Disused Gympie caravan park reborn as crisis accommodation wins Resilient Australia Award

Unprecedented flooding in Gympie was the catalyst for a stunning transformation that saw a disused caravan park become crisis accommodation and a blueprint for the future.

The flood of January 2022 destroyed hundreds of Gympie properties in just a few days, and when it did the city found itself short on emergency accommodation.

Further complicating matters were other major flooding events simultaneously unfolding across much of Queensland, plus a lingering COVID pandemic still putting a heavy strain on usual disaster assistance and recovery solutions.

Necessity, however, is often the mother of invention, and for Queensland’s Department of Housing and Gympie Regional Council the unique conditions revealed potential for an old caravan park to house displaced residents.

After signing a lease, work commenced to demolish redundant infrastructure and upgrade services to establish 26 accommodation units and 18 caravan sites.

Overcoming logistical headaches and delays caused by ongoing wet weather, the site was reborn as the Gympie Recovery Accommodation Park – a supported accommodation centre to provide temporary accommodation with connection to other services for people and the community to recover.

Each residence had a kitchen, lounge and dining areas, bedrooms, shower and toilet facilities, and some had a laundry as well, with a separate laundry facility also located on site.

The residences were also equipped with household standards such as linen, crockery, cutlery, beds and some furniture, creating liveable homes for those who had lost everything.

The caravan park makeover included driveways and roads, and fur children were catered for with dog kennels built so tenants could keep their much-loved pets with them.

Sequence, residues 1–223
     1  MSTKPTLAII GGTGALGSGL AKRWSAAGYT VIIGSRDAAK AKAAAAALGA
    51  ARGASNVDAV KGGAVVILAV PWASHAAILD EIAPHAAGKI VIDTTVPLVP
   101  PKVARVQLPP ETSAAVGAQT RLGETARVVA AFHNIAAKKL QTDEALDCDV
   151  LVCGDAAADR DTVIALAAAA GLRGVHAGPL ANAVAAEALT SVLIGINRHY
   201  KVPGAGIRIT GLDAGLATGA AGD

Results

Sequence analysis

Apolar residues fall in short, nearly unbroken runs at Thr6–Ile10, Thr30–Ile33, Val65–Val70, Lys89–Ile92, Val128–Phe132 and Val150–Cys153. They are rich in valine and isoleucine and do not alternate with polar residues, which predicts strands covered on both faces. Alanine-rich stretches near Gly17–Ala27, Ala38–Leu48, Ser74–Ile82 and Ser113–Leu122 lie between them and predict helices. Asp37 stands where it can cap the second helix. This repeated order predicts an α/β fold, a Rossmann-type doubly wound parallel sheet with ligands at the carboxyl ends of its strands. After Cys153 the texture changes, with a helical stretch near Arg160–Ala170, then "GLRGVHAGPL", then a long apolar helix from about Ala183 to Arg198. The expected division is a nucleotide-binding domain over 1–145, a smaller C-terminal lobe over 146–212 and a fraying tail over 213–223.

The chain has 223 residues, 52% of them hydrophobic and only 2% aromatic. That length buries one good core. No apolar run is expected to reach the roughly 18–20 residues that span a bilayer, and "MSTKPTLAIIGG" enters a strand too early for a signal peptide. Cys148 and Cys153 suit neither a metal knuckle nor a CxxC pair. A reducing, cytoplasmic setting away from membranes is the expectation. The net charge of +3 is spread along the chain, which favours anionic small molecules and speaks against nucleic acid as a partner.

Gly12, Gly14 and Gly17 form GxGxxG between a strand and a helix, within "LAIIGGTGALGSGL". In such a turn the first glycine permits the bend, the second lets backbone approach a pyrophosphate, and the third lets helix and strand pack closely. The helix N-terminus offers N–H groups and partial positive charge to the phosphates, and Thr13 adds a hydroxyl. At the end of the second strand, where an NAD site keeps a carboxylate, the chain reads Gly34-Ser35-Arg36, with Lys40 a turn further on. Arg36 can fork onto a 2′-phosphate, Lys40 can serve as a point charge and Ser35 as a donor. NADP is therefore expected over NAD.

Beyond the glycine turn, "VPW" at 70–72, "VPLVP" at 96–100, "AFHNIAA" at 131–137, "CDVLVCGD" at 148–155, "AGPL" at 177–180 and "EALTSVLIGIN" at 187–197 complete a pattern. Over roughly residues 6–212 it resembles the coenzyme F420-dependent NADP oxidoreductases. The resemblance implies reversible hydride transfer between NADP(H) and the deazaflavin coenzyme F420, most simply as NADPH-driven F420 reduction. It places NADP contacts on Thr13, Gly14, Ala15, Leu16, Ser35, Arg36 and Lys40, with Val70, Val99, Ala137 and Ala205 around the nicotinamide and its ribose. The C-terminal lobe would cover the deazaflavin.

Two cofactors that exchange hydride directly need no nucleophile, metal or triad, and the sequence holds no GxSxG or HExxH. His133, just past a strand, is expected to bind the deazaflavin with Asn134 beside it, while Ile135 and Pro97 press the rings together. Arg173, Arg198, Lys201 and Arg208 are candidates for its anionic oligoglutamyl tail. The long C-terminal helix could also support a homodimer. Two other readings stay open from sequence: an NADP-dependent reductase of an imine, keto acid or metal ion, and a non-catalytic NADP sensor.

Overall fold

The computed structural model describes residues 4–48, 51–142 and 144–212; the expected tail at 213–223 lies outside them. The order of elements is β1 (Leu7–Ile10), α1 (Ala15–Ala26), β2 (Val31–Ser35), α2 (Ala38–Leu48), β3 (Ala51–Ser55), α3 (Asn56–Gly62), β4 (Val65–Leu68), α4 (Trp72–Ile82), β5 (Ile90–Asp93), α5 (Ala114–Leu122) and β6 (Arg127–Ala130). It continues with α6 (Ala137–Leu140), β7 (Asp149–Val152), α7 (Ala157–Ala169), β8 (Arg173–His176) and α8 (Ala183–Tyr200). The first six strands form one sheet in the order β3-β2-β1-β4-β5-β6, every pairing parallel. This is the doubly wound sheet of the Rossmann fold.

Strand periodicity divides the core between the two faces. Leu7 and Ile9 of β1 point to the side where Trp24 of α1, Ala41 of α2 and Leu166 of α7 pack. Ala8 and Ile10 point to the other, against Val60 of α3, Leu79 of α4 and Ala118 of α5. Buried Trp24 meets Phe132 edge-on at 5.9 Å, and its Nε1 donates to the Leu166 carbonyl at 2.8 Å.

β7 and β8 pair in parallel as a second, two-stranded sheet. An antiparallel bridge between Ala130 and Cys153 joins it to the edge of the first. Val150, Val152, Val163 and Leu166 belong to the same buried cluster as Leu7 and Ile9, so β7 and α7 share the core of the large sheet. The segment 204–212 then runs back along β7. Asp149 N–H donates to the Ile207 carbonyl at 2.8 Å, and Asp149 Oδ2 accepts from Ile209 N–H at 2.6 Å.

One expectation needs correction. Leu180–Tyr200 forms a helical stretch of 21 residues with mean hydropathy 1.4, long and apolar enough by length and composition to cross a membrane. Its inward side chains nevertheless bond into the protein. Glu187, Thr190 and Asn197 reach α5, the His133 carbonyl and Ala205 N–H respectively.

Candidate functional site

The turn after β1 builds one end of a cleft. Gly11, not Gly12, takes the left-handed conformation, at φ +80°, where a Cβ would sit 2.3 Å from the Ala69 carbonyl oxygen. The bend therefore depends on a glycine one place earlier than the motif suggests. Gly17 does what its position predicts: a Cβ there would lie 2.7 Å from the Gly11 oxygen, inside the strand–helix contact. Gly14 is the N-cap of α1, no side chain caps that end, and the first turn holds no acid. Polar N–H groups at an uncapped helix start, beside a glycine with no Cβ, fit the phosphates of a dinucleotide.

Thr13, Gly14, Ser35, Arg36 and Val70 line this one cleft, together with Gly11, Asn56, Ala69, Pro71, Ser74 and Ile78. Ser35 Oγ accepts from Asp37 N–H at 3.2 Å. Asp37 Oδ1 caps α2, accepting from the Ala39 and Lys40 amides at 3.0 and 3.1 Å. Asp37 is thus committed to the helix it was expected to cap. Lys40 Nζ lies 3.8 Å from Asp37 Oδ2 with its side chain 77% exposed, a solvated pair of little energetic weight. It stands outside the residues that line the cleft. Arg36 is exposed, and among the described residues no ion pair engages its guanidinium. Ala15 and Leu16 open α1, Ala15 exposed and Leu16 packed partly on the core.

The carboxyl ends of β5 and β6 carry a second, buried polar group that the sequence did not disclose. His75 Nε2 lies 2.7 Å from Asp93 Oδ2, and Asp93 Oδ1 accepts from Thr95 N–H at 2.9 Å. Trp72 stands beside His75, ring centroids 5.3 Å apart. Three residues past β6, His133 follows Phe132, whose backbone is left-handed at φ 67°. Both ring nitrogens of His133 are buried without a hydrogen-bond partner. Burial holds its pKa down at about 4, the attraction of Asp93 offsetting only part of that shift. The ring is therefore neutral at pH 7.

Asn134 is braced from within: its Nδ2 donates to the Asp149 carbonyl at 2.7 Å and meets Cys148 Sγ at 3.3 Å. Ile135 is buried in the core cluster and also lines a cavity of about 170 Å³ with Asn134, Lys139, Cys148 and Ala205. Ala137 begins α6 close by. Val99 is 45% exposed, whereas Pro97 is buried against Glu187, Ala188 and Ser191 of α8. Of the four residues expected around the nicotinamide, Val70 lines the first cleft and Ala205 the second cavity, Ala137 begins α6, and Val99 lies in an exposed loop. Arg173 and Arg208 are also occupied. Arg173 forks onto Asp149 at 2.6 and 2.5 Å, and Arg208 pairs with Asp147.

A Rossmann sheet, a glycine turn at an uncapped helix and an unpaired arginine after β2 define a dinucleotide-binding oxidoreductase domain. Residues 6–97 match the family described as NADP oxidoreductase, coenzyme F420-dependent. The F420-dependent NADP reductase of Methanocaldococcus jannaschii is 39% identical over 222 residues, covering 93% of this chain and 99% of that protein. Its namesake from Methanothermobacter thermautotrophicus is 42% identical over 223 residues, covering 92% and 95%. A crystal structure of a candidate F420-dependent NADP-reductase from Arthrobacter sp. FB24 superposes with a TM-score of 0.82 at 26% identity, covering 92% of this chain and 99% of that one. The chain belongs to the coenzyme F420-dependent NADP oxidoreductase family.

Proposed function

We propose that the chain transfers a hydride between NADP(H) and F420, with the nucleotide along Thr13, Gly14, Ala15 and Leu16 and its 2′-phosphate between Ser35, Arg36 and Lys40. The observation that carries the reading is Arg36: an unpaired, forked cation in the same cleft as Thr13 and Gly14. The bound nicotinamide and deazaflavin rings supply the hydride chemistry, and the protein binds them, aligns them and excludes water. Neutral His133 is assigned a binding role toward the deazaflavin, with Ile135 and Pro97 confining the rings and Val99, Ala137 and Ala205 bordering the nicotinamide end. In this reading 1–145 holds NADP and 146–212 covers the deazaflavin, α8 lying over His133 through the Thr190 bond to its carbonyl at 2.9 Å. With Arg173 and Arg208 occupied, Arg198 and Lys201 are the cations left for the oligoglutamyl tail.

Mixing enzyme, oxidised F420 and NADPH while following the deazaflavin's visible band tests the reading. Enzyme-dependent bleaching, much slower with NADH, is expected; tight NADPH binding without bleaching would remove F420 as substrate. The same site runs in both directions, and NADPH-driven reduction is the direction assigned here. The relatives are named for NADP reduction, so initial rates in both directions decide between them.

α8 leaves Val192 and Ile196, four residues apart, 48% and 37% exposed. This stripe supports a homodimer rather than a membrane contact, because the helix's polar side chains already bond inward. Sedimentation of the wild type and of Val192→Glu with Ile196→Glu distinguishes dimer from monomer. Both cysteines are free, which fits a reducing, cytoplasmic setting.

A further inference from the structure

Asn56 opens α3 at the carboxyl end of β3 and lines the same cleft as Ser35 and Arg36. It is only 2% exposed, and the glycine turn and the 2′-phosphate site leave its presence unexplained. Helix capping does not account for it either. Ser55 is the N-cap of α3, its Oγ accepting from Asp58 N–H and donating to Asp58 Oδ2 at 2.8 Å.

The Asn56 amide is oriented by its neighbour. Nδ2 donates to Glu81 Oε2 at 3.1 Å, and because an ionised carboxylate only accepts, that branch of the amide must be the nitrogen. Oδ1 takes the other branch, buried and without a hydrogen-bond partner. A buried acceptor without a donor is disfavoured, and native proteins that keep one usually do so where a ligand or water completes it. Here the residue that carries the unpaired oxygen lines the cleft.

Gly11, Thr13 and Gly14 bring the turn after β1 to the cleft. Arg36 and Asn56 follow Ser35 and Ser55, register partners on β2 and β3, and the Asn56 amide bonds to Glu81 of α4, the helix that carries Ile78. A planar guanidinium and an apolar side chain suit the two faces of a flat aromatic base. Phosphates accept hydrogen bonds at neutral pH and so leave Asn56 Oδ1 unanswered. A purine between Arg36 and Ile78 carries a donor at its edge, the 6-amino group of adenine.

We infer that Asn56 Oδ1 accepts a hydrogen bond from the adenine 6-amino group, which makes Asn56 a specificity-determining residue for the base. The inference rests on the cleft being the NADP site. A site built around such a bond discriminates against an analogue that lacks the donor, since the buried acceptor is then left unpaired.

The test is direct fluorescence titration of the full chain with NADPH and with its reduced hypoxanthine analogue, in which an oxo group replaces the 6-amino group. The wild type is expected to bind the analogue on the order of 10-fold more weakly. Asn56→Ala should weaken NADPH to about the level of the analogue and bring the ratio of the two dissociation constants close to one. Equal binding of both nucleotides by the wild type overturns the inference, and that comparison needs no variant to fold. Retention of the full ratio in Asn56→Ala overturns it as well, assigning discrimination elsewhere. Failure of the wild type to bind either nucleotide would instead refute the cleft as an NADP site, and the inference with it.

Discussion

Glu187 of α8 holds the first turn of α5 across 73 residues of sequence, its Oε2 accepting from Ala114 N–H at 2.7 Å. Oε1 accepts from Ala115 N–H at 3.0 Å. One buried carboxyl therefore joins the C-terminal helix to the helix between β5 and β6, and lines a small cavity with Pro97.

Flood resilience remained a priority of course, with power units and switchboards installed above the maximum flood level and one-way valves used to stop water entering buildings.

Access was made available to health, financial, employment and mental health support services.

Residents took pride in their accommodation, establishing small gardens to give the site a more comfortable and homely feel.

Gympie’s wider community benefitted from the project too, with local businesses supplying items such as beds, fridges, televisions and microwaves.

Local labour was used for landscaping and cleaning, and the Gympie Men’s Shed assisted with the construction of furnishings for the units.

Since May 2022 more than 30 households have been supported through the park with a place to live while they recover.

Fifteen of those households have successfully transitioned from the park into either private rental accommodation or social housing, or have been able to move back into their own house.

The project’s scope has evolved from initially being an emergency and natural disaster response model to providing temporary accommodation for homeless people.

Complementing the park’s original residences, small relocatable homes have also been installed on site and can be moved to other areas in need. 

Since its establishment the Gympie Recovery Accommodation Park has formed the basis for other housing projects at Toowoomba, Rothwell, Clayfield and Redland Bay that together now offer more than 140 accommodation units to Queenslanders.

It also prompted the Queensland Government to ask Gympie Council to implement a local housing action plan for their region to address broader housing issues.

Local housing action plans are part of the Queensland Government’s strategy to increase and diversify housing supply, with Gympie’s plan having the distinction of being the first of its kind developed in the state.

The innovative project was recognised at the 2023 Resilient Australia Awards, receiving a Highly Commended acknowledgment in recognition of the importance locally led organisations play in communities when faced with natural disasters.